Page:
- Add the beans and corn and mix well.
- Add stock and water and bring to a boil. Taste and adjust spice/salt.
- Cook covered till beans and corn is soft.
- Add lime juice.

Serve hot topped with the tortillas and avocado slices.

Makes 4-6 main size servings.

Saturday, November 7, 2009

Apple and Walnut bars

Today was a picture perfect Fall day in Raleigh. It was really nice to look out of the windows and find the trees swaying in the bright sunshine and showering the yard with red and brown leaves. It made me want to bake and bake something with apples. After some looking about I found this recipe in a Dec 2007 issue of Cooking Light. It has no butter and has apples and walnuts as the star ingredients. What a healthy dessert!

And I love healthy desserts. Just to clarify my definition of healthy: something with none or very little fat, not too much sugar and something with fruit. Though I do have to make an exception for the third rule with chocolate. I just haven't found a dessert I like which combines chocolate and fruit yet.

Anyways this recipe has no butter (except for brushing the pan). And did I mention it has fruit and nuts? The original recipe called for 1 cup sugar and 1/3 cup raisins. I reduced the amount of sugar to 3/4 cup and didn't use any raisins. The bars came out quite nice, not too sweet, soft and very fruity and nutty. Here is the recipe.


2/3 cup All purpose flour
2 teaspoons Aluminium free baking powder
1/2 teaspoon salt
3/4th cup light brown sugar
2 large eggs
1 teaspoon vanilla extract
2 cups peeled and chopped apples
1/2 cup coarsely chopped walnuts

- Combine the flour, baking powder and salt and run through a sieve.
- In a medium sized mixing bowl, combine the brown sugar, eggs and vanilla extract. Beat with a mixer at medium speed until the sugar dissolves.
- Add the flour mixture to the egg mixture and stir till well combined.
- Fold in the apples and walnuts.
- Line a 9-inch pan with foil and brush it lightly with butter.
- Spread the batter evenly onto the pan.
- Bake in a 350F oven for 40 minutes or till a toothpick inserted in the center comes out clean.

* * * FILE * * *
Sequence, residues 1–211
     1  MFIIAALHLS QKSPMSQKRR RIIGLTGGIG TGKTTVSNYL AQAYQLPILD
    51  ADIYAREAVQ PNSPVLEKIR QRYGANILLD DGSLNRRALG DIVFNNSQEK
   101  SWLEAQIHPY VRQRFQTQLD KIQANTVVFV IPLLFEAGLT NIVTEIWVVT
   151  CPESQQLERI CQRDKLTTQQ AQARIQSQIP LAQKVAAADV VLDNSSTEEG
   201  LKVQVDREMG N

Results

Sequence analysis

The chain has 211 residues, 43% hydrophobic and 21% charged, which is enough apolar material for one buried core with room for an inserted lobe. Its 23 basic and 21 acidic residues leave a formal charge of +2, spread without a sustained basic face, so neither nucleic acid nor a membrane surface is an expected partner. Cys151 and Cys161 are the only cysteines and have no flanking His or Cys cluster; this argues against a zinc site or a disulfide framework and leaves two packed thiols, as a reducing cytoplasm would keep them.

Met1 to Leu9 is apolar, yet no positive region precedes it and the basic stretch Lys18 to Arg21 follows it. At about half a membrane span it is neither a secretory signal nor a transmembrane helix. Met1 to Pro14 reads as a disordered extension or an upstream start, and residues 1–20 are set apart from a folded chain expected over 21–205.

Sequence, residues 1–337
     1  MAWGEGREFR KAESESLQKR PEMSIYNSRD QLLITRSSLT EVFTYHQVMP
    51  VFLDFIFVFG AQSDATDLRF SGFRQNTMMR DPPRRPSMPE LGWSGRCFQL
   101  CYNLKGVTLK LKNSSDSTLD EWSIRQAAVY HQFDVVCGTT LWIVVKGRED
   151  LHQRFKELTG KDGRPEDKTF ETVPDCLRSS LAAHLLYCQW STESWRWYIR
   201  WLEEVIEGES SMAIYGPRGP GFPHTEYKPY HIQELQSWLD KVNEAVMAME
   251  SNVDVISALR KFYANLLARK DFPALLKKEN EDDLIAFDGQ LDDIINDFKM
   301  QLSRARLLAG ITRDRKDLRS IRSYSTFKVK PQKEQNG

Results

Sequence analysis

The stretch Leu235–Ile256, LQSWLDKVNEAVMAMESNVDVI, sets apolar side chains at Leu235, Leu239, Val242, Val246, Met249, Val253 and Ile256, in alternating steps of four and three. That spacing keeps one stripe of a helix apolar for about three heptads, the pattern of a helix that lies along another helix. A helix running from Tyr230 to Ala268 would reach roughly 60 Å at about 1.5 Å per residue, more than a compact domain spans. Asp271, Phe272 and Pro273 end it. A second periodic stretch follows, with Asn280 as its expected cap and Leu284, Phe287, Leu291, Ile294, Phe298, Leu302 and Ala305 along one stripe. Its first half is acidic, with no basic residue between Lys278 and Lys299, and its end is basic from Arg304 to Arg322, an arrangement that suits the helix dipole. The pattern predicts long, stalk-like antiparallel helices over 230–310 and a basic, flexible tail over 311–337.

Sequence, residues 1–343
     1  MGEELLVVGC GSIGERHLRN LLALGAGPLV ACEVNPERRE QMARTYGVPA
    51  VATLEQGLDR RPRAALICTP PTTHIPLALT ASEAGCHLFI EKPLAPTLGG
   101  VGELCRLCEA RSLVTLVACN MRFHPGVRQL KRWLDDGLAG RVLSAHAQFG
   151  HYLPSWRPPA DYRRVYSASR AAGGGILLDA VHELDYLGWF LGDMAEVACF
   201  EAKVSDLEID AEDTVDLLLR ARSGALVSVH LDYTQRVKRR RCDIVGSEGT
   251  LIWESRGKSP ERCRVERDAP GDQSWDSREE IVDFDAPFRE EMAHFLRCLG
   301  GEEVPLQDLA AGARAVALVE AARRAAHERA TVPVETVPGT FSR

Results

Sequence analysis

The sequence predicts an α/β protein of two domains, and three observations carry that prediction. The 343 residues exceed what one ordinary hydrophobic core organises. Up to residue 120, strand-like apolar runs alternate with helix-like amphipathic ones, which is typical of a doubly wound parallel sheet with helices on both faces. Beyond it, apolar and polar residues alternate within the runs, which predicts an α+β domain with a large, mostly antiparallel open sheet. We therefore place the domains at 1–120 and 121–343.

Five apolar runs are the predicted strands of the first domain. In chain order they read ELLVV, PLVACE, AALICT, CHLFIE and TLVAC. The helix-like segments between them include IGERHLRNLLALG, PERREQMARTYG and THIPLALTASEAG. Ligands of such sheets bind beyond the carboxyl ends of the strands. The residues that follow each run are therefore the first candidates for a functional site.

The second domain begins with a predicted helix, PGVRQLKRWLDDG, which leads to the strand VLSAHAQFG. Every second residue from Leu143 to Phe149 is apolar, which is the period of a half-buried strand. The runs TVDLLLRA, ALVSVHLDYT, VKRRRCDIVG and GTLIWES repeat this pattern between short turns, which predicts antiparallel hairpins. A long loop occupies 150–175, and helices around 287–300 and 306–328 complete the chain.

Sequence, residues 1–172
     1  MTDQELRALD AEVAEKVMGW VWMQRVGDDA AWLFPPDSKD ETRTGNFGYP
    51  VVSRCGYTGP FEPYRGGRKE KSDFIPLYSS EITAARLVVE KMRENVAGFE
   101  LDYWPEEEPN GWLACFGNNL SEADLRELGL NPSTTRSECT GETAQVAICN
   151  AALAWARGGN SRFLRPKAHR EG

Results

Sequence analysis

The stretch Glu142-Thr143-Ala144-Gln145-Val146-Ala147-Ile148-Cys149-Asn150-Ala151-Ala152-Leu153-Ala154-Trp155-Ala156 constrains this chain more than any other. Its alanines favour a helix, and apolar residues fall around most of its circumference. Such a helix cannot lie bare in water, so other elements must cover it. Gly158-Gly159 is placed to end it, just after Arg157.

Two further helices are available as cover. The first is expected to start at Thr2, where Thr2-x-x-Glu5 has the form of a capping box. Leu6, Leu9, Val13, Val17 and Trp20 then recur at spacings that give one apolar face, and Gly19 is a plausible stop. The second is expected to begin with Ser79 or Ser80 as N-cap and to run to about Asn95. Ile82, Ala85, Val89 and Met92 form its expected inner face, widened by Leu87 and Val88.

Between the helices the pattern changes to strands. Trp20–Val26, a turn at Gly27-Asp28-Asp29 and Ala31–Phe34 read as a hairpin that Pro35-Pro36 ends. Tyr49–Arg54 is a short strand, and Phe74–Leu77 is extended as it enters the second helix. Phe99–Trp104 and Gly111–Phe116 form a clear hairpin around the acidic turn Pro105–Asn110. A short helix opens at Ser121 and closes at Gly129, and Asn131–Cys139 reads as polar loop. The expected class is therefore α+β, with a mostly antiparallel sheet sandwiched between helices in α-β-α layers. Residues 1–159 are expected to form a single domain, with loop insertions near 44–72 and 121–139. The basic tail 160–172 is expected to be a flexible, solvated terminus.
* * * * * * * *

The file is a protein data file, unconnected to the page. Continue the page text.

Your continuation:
- Cut into rectangles and serve.

Makes around 10 bars.

They are best when warm and a dollop of vanilla ice-cream would be a perfect pairing. So much for being healthy :)

Sunday, November 1, 2009

Baja Fish Tacos

I grew up in Mumbai eating a lot of fish. Fish curry, fried fish, a lot of fish. Then I met A, then boyfriend now husband who didnt eat any fish at all. We also moved to the States and the fish didn't look familiar anymore. So I gave up on fish for a while. Sigh. And then the most incredulous thing happened, we went to a sushi restaurant and A actually ate sushi! I mean you must eat cooked fish first to even try raw fish, right? But anyways he liked it and I renewed my relationship with fish. Now Tilapia is a staple in our cooking and Fish Tacos have come close to displacing fish curry as my favorite fish dish.

I think a post on Fish Tacos would be incomplete without a mention of K38. We discovered it (thanks to my lovely friend AM) this summer when we spent a weekend in Wrightsville beach. I think the best part of the Baja Fish Tacos in K38 is the yogurt based sauce drizzled liberally over the crispy fish. Hmmm.

So I had to attempt this yogurt sauce (otherwise we would be driving three hours to Wrightsville every so often). I used sour cream and yogurt along with some cumin, paprika. Its not the same but it comes pretty close. Also instead of deep frying the fish, I pan fry it with a marinade and without any batter. K38 serves their tacos with shredded red cabbage. I thought that was a fabulous idea, I have eaten a lot of fish but don't remember any fish dishes with cabbage. So my fish tacos are also topped with red cabbage. Here goes:


2 medium sized Tilapia / any white fish fillets
1/4 cup shredded red cabbage
1 chopped tomato
6 corn tortillas

Fish marinade:
1 and half tablespoon oil
juice of half a lime
1/2 teaspoon salt
1/2 teaspoon paprika
1/2 teaspoon cayenne
1/2 teaspoon cumin powder
1 teaspoon honey
1 tablespoon chopped cilantro leaves

Yogurt sauce:
2 tablespoons non-fat yogurt
2 tablespoons non-fat sour cream
pinch of salt
1/4 teaspoon paprika
1/4 teaspoon cumin powder

- Mix all the ingredients together for the fish marinade and marinate the fish in it for 15-20 mins.
- Whisk all the ingredients together for the yogurt sauce.
- Heat a grill pan or non-stick pan and cook the fish till flaky (3-4 mins per side)
- Warm the tortillas.
- Break fish into bite sized pieces and divide among the tortillas.
- Top with shredded cabbage and chopped tomato, drizzle liberally with yogurt sauce.
- If you like your tacos real hot, add a dash of cayenne on top.

Serves 2.